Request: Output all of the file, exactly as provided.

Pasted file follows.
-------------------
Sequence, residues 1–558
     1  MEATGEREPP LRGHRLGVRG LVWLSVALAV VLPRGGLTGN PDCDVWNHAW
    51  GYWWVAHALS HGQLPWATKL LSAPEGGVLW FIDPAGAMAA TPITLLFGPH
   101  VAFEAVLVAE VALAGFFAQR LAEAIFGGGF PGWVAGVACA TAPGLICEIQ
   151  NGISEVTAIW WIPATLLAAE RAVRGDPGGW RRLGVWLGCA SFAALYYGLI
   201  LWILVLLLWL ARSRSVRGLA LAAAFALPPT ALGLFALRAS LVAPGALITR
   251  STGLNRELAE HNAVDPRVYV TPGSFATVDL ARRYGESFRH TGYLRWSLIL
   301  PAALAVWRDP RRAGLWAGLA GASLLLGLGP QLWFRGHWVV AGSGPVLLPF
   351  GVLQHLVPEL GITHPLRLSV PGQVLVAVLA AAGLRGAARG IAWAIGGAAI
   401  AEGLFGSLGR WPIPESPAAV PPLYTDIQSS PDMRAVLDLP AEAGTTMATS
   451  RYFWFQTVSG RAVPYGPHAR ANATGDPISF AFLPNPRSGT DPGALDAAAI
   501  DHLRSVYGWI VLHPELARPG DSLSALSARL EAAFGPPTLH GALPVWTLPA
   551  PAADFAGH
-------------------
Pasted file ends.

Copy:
Sequence, residues 1–558
     1  MEATGEREPP LRGHRLGVRG LVWLSVALAV VLPRGGLTGN PDCDVWNHAW
    51  GYWWVAHALS HGQLPWATKL LSAPEGGVLW FIDPAGAMAA TPITLLFGPH
   101  VAFEAVLVAE VALAGFFAQR LAEAIFGGGF PGWVAGVACA TAPGLICEIQ
   151  NGISEVTAIW WIPATLLAAE RAVRGDPGGW RRLGVWLGCA SFAALYYGLI
   201  LWILVLLLWL ARSRSVRGLA LAAAFALPPT ALGLFALRAS LVAPGALITR
   251  STGLNRELAE HNAVDPRVYV TPGSFATVDL ARRYGESFRH TGYLRWSLIL
   301  PAALAVWRDP RRAGLWAGLA GASLLLGLGP QLWFRGHWVV AGSGPVLLPF
   351  GVLQHLVPEL GITHPLRLSV PGQVLVAVLA AAGLRGAARG IAWAIGGAAI
   401  AEGLFGSLGR WPIPESPAAV PPLYTDIQSS PDMRAVLDLP AEAGTTMATS
   451  RYFWFQTVSG RAVPYGPHAR ANATGDPISF AFLPNPRSGT DPGALDAAAI
   501  DHLRSVYGWI VLHPELARPG DSLSALSARL EAAFGPPTLH GALPVWTLPA
   551  PAADFAGH